Call it serendipity or a twist of fate – but when I got the email, I was traveling. I was on a beautiful five-day tour exploring Italy’s stunning Amalfi Coast. And I was not supposed to be checking my email. That was one of the rules my husband and I had agreed upon as we took this little kid-free trip to celebrate a momentous occasion in our lives: our 10th wedding anniversary.
The Back Story:
The email I opened was from an independent filmmaker; a Brazilian expat living in France. She had read the interview I had given on Global Living Magazine on my expat life and pitched my story to the Oprah Winfrey Network (OWN) to be included in their Soulful Sunday series. (Note to others: you never know who is reading your words out there, so make them count!) The folks at OWN loved my story and wanted to feature it to inspire people to move out of their comfort zones, to go live abroad, to see the world, to travel and to revel in all the diversity and beauty around us. I was extremely excited to share my message with a global audience on Oprah.com and said yes to filming for two days in Dubai. The filming was scheduled for August 2016, as soon as I got back from my summer vacation.
In between settling in my kids at their school amidst all the back to school craziness, I took out time to share my global stories with the filmmaker for this project who flew out from Paris to talk to me. I provided photos of my childhood in Bahrain and New York City, pictures of my grandparents and extended family in Pakistan and tales from my expat adventures in the UK, Germany, Denmark and Singapore. I was filmed on my couch in my living room in Dubai, talking about it all and telling my story, in my words. I was also filmed roaming through the streets of Dubai doing the typical everyday things – the school run combined with visits to Old Dubai to get some candid shots of me in my environment.
Months of post-production followed and I was shown several versions of the video by the filmmaker. I loved them all, but late in 2016 I got an email saying all the versions (which were about 4-5 minutes) were deemed too long and the video had to be cut short. Without giving me a clear indication or a clear chance, the producers and the filmmakers agreed on getting a voice over done on my video to cut it down to two minutes. Imagine my shock and surprise when I see my video on Oprah.com but it’s not my voice telling my story, its someone else’s. I can assure you I do know how to pronounce my own name!
So, when you watch this video, please remember this is NOT my voice, even though it is my story. Well mostly. A few corrections: I did not move to Berlin to study; I moved to Berlin to join my husband there after our marriage. I also grew up in Bahrain and New York City before moving back to Pakistan with my family and it was this early experience of an expat childhood that filled my soul with wanderlust and a desire for adventure. In addition, every mention of my blog was taken out, even though I spoke extensively about ‘And Then We Moved To’ as the writing place that was born out of these global experiences. Without it, my story seemed incomplete.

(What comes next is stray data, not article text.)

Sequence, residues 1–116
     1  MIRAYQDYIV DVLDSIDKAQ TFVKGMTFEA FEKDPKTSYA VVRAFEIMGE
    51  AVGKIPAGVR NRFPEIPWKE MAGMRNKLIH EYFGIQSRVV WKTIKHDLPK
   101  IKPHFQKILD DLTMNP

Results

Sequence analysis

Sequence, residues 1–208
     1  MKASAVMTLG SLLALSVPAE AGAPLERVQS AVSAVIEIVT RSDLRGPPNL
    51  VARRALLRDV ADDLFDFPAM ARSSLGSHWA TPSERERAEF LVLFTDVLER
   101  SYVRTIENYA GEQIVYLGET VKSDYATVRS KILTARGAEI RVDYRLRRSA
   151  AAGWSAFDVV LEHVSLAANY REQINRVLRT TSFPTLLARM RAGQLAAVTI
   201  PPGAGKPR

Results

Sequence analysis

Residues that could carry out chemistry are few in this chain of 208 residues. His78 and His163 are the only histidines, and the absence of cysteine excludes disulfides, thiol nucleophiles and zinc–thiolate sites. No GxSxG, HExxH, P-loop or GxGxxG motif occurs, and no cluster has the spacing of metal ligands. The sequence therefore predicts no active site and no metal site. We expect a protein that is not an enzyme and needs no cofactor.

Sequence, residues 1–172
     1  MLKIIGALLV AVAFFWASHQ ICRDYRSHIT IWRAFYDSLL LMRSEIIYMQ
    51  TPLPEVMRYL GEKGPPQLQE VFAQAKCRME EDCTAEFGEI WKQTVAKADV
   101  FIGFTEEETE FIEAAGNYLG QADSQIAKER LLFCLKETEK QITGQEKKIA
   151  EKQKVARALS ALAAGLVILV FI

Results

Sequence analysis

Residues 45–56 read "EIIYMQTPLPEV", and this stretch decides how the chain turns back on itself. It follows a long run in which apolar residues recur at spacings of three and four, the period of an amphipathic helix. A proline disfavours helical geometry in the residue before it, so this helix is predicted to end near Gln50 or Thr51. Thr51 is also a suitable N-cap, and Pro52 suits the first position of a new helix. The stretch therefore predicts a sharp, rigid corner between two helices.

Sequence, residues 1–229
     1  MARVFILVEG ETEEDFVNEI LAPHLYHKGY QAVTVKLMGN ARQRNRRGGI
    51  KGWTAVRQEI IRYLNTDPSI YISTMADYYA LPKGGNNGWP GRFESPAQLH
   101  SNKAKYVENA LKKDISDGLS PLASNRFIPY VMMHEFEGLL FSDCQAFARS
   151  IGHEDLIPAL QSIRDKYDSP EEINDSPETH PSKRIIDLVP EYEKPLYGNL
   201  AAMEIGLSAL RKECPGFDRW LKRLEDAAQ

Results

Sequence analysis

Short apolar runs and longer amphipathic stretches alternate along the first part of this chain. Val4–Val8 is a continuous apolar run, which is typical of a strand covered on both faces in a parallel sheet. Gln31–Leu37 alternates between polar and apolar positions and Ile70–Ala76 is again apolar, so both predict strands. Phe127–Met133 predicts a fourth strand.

WATCH MY OPRAH VIDEO HERE:
How to Find the Positives in a Disappointing Experience: Ask the Right Questions
I was surprised and disappointed when I saw the final video (shortened and not my voice) that the network released in February this year on the OWN YouTube channel and on Oprah.com in May 2017. I spent months trying to see if it could be changed, but to no avail. Through this difficult experience, I learned something positive, which has prompted me to share this blog post with all of you today.
First, I asked myself ‘What Would Oprah Do’ (WWOD) if this had happened to her, when she was starting out?
Perhaps Oprah would remind me:
“Challenges are gifts that force us to search for a new center of gravity. Don’t fight them. Just find a different way to stand.” – Oprah Winfrey
I just had to find a different way to stand. I realized that instead of focusing on the past and how I could have prevented this outcome, I had to move my attention to the future. Instead of asking myself “what could I have done differently?”, I took a cue from Michael Hyatt who explains in one of his articles that one of the best questions you can ask yourself when something negative happens, is this: “what does this experience make possible?”
Once I started asking myself this question, clarity and coherence returned to the table. And I made a list of all the amazing things that were made possible as a result of this learning experience:
- There is Power in Global Storytelling:
There is power in sharing our stories. Global storytelling is a powerful tool that helps us connect and relate to each other through our experiences. The Oprah Winfrey Network did a condensed two-minute video based on my expat life and travel adventures around the world, which is a quick introduction into my story and for this I am grateful. It is extremely cool to have my life story featured on Oprah.com and I hope it will help me spread my message. But my Oprah story is just a small part of my BIGGER story. And I still own the rights to my full story. This is why I have included the video clip in this blog post: it gives you a little glimpse into my world, but it’s still up to me to fill in the rest of the blanks.